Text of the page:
Particle composition is first broken down to six categories: white nonferrous, copper, babbitt, contaminants, fibers and ferrous wear. In order to aid the identification of composition, the analyst will heat treat the slide for two minutes at 600ºF.
White nonferrous particles, often aluminum or chromium, appear as bright white particles both before and after heat treatment of the slide. They are deposited randomly across the slide surface with larger particles getting collected against the chains of ferrous particles. The chains of ferrous particles typically act as a filter, collecting contaminants, copper particles and babbitt.
Copper particles usually appear as bright yellow particles both before and after heat treatment but the surface may change to verdigris after heat treatment. These also will be randomly deposited across the slide surface with larger particles resting at the entry point of the slide and gradually getting smaller towards the exit point of the slide.
Babbitt particles consisting of tin and lead, babbitt particles appear gray, sometimes with speckling before the heat treatment. After heat treatment of the slide, these particles still appear mostly gray, but with spots of blue and red on the mottled surface of the object. Also, after heat treatment these particles tend to decrease in size. Again, these nonferrous particles appear randomly on the slide, not in chains with ferrous particles.
Contaminants are usually dirt (silica), and other particulates which do not change in appearance after heat treatment. They can appear as white crystals and are easily identified by the transmitted light source, that is, they are somewhat transparent. Contaminants appear randomly on the slide and are commonly dyked by the chains of ferrous particles.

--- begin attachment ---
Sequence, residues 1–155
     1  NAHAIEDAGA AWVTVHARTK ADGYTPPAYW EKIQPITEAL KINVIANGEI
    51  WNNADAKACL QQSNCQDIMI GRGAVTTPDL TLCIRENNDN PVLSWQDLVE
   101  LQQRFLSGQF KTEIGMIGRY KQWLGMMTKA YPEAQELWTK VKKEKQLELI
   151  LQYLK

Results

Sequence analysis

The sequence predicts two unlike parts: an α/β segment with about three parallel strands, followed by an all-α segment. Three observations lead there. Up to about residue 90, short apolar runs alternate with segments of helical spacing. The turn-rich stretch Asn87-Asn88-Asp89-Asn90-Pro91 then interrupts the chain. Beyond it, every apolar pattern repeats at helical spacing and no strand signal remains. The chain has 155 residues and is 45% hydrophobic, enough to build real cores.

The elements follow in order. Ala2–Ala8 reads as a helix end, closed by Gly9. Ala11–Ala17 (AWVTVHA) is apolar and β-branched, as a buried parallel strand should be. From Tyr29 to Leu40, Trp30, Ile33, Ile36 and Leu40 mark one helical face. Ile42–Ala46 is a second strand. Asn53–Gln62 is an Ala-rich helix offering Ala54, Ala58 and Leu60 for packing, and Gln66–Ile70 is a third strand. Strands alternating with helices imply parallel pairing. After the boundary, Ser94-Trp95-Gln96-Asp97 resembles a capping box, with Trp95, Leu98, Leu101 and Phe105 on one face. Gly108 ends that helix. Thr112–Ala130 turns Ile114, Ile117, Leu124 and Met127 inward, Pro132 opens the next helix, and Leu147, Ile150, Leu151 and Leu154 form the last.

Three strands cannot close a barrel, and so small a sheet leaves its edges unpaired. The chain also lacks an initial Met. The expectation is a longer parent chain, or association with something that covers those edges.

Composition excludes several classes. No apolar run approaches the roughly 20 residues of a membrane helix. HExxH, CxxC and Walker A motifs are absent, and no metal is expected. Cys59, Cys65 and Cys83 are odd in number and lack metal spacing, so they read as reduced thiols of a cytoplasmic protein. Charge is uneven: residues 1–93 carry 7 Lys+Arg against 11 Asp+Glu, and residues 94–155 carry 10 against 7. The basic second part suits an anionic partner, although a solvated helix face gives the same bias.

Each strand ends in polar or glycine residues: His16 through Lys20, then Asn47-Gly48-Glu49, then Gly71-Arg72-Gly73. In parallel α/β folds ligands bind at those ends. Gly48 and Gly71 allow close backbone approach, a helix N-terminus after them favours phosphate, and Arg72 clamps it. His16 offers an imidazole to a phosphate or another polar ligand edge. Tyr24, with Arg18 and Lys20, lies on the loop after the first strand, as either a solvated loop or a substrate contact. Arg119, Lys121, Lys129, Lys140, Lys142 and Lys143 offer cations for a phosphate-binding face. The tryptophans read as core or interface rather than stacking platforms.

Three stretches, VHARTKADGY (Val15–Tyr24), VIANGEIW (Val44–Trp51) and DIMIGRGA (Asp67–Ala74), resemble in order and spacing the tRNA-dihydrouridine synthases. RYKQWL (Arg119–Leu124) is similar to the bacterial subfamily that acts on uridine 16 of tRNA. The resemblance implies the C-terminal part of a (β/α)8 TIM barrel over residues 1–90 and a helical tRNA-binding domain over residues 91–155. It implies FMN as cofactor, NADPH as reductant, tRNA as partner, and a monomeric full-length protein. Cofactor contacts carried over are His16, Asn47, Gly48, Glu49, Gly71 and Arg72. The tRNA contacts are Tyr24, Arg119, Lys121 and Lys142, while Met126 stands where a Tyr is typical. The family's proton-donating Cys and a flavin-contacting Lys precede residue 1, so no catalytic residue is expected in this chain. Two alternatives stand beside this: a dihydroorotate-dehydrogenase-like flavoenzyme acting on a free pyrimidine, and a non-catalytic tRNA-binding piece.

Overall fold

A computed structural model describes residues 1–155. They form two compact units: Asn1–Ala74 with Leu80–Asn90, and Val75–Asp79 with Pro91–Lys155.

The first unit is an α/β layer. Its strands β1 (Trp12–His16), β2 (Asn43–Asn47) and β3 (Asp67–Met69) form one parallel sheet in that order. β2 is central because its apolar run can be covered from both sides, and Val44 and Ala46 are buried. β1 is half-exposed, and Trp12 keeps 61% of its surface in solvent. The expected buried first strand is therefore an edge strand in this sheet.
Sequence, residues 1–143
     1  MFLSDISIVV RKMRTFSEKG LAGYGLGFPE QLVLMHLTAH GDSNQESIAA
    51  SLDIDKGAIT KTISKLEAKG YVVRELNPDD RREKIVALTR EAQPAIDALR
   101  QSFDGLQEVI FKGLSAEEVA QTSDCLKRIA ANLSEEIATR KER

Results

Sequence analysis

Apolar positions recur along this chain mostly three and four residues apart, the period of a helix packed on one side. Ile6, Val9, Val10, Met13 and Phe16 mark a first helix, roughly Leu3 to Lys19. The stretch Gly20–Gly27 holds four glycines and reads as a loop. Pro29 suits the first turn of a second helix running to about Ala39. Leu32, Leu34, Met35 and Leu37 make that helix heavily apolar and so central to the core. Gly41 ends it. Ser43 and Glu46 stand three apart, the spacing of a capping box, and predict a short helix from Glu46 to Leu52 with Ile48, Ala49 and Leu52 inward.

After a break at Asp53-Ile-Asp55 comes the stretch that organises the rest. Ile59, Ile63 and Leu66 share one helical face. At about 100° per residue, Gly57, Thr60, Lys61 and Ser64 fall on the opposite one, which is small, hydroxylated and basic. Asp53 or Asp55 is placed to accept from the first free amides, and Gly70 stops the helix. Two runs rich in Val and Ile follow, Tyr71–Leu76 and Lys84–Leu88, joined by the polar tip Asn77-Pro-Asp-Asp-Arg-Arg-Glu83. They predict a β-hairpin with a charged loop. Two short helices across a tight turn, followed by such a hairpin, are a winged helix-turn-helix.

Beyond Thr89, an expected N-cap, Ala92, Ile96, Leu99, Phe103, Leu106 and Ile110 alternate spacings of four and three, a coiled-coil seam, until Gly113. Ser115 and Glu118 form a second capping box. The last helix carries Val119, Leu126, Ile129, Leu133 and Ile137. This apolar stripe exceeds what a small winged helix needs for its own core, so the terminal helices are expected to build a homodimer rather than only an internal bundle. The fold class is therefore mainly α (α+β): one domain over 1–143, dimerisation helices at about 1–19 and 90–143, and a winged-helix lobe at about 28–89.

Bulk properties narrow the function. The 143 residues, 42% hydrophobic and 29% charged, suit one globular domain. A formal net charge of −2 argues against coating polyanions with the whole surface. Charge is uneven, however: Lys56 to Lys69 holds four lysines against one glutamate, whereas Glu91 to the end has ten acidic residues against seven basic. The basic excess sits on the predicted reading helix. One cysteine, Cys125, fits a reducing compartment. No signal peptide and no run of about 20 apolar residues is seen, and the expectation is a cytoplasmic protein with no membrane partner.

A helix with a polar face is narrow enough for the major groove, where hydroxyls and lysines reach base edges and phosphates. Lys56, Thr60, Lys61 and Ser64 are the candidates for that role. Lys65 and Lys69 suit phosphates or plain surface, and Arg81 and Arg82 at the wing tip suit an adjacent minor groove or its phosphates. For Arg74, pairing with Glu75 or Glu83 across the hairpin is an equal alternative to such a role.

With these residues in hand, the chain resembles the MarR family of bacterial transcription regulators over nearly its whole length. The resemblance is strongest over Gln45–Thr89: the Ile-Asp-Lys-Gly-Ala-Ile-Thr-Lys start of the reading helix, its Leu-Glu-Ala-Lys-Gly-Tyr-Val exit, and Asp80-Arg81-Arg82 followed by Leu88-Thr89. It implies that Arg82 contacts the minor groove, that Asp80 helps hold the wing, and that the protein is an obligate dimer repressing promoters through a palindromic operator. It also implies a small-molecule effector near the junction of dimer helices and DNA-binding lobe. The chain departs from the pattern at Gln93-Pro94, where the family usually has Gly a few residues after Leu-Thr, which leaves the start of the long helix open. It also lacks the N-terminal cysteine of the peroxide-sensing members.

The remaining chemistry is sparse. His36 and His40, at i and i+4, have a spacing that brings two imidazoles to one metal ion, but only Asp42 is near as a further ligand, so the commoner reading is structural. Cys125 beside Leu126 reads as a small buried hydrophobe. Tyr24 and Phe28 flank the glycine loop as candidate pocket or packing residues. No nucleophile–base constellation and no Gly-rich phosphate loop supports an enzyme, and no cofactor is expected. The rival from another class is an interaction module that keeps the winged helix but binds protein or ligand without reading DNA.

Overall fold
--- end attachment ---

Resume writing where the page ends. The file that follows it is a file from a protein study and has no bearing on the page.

Fibers, typically from filters or outside contamination, are long strings that allow the transmitted light to shine through. They can appear in a variety of colors and usually do not change in appearance after heat treatment. Sometimes these particles can act as a filter, collecting other particles. They can appear anywhere on the ferrogram, however they tend to be washed towards the exit end.
Figure 3. The Metal Alloy of the Particles
Determines Whether They Line up
On or Adjacent to the Magnetic Field
Ferrous particles can be broken down to five different categories, high alloy, low alloy, dark metallic oxides, cast iron and red oxides. Large ferrous particles will be deposited on the entry end of the slide and often clump on top of the other. Ferrous particles are identified using the reflected light source on the microscope. Transmitted light will be totally blocked by the particle.
High Alloy Steel - particles are found in chains on the slide and appear gray-white before and after heat treatment. The distinguishing factor in the identification between high alloy and white nonferrous is position on the slide. If it is white and appears in a chain, it’s deemed to be high alloy. Otherwise, it’s considered white nonferrous The frequency of high alloy on ferrograms is rare.